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What’s In A Name

August 25th, 2017

One of the most exciting things about starting a new short story is the god-like capacity you have to create any character you want. You have the power to name them, dress them, decide where they live and so on.  At least you think you do. Until, that is, you get up the next morning after an evening of inspired writing to discover that your sensible Dr David has transformed himself overnight into trendy, jeans wearing Dr Nick. After a prolonged keyboard quarrel, you give up. OK you think, if you want to be called Nick then so be it. And Marion hates her name too. Please can she be something less staid like Naomi. And while you’re at it, there’s no way she’d live in a bungalow.

It happens a lot and the interesting thing is that the characters usually know best. Some of them don’t like swearing, or curry or red shirts. Mostly I’ve given up arguing and go with the flow.

And then there are the ones who won’t go away. You finished their story months ago, but they don’t like it. Raymond for example has never forgiven me for getting him arrested for being drunk and disorderly.  It wasn’t his fault he was drunk – his wife had just left him – he wasn’t responsible for his actions and the least I could do was make it clear to the readers. So I’m rewriting it from his point of view and he’s quite pleased with it so far.

And then there’s the sad, the lonely, the overlooked. I think of them often – Mr Pollock, Joyce, Benjy and Pierre. I wonder what they are doing now that I’ve abandoned them to their respective fates. I hope they’ve found happiness. Last week one of my writing group wondered how Daniel was getting on now he’d returned from Switzerland. I wonder that too. Maybe he’ll pop up in a future story and let me know.

I hope so.

 

Christine loves writing whether it is short stories, flash fiction, plays or poetry and has been successful in a number of local, national and international competitions. She has had two short plays performed and has read her work at the Cheltenham Literature Festival and on local radio. She recently published a book of short stories on Amazon  entitled ‘The Road Ahead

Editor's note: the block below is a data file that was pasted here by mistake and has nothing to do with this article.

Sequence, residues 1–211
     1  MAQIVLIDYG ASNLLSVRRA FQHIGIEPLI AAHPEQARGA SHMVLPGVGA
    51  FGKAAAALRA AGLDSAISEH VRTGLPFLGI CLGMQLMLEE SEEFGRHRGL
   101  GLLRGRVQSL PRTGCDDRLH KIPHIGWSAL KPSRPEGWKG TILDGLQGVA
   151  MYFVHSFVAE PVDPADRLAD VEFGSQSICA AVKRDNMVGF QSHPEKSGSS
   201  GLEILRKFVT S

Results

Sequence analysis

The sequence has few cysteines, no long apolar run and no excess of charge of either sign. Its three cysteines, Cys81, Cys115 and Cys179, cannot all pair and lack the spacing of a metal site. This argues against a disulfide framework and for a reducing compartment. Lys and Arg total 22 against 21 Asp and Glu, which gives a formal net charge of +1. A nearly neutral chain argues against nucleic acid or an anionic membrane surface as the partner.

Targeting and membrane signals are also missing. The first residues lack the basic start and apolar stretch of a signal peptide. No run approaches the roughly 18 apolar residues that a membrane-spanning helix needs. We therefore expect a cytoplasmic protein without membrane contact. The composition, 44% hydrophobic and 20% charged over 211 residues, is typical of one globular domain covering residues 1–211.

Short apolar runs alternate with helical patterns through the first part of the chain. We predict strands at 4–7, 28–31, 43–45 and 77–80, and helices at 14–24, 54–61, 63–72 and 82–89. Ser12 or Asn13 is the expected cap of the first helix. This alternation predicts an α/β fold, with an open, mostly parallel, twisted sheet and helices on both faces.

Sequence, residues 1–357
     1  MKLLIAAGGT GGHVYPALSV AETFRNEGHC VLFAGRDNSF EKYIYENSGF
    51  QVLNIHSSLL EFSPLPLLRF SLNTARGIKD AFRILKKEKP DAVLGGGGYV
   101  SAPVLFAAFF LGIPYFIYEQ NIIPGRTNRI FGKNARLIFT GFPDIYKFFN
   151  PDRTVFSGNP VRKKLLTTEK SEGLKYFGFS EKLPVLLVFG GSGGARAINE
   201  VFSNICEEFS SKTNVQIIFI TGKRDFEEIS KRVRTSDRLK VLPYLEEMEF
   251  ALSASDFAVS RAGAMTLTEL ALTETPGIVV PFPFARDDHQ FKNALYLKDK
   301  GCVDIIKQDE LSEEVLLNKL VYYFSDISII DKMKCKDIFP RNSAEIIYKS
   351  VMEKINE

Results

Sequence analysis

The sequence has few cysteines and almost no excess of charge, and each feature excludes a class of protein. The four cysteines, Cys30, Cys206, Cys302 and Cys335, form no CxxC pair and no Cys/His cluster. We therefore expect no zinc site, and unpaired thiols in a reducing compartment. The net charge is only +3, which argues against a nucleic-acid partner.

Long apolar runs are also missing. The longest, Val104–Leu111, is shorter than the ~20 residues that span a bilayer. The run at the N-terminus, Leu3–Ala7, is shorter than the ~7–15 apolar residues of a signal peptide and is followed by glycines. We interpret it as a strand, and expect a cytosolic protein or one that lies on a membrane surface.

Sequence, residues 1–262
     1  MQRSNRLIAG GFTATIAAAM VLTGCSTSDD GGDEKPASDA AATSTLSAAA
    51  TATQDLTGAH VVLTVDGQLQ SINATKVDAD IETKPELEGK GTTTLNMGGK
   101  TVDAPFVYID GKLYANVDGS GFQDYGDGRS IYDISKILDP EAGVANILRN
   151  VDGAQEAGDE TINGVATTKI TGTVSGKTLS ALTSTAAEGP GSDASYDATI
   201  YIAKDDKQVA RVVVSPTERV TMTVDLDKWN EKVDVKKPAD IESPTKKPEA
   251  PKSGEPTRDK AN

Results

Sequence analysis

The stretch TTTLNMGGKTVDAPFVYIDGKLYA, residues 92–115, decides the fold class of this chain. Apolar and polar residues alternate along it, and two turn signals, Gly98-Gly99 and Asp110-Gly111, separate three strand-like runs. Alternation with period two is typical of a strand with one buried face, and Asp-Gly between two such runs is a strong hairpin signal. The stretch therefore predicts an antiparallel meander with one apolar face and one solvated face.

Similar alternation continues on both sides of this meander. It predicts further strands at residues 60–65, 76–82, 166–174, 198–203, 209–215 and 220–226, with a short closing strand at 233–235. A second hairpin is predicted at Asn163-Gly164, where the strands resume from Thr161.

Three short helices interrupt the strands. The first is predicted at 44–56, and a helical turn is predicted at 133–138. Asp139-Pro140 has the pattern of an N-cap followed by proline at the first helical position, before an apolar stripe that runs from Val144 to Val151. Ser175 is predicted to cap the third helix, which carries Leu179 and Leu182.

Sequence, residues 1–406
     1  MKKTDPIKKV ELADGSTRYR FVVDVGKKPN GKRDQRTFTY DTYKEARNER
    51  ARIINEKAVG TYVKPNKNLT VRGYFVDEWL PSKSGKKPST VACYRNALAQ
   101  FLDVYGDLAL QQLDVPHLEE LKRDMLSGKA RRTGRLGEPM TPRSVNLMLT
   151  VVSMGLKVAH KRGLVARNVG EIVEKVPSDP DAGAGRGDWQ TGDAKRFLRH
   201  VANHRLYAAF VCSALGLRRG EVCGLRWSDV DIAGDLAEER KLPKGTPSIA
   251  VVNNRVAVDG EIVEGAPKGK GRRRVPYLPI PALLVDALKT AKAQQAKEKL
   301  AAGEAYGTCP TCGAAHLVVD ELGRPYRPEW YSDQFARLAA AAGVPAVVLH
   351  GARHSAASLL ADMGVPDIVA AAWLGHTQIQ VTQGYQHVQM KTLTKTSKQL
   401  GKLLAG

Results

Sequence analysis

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Literary Vending Machines

August 18th, 2017

First, thanks to Elise for last week’s blog. It just goes to show how different writing for film or TV can be from writing a novel. In the former, you have to be able to produce something visual for your audience whereas when writing a novel you are providing the structure and the ideas which will allow your readers to use their own imagination to understand and visualise your story.

I read an interesting piece this week in Writing Magazine about vending machines having been installed on 35 French railway stations. But these aren’t your standard machines offering drinks, sweets and crisps – instead they provide short stories. If you get to the station and have forgotten your book, or don’t want to fiddle with your mobile phone, you can press a button and print out a story. And you’ve even got a choice of length – do you want a one minute read, a three minute read of a five minute read? (Don’t worry, if you’re train is delayed you can always go back for another as they’re free!) Read the rest of this entry »




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Achieving Cinematic Vision

August 11th, 2017

I am coming to the end of my course with the ‘Writers Bureau’ and I am writing a screen play for BBC TV entitled ‘Punjabi Girl’. My screen play is about a young Asian girl named Sunita who is trafficked and sold to a talented but quite disturbed musician. The biographies of the two characters provide a dichotomy of love, hate and passion. Finally after travelling the continents of Europe with an entourage of musicians and in a shocking revelation Sunita gains her freedom. Read the rest of this entry »




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What Kind Of Writing Course Is Best For You?

August 4th, 2017

First, thanks to Maria for last week’s blog. It must be great to attend one of her courses in such a wonderful setting. I can feel myself turning green just thinking about it!

Like her, I’ve no interest in criticizing taking a master’s degree in writing, but there’s no getting away from the fact that this option is now horribly expensive and I have talked to a number of people who really have been quite disappointed by the experience. Whereas they wanted (and expected) something practical, instead they have been faced with theory and found themselves no nearer publication at the end than at the beginning. In addition, they’ve felt there has been a lack of interaction with their tutor.

So, my advice would be to always do your research thoroughly before making any decision – or paying any money! Look at all the options, whether it’s a university course, a week-long course (like the one Maria runs, or those organised by Arvon at their various sites) or a distance learning course where you have one-to-one contact with and feedback from your tutor. Then decide what’s best for you. Read the rest of this entry »




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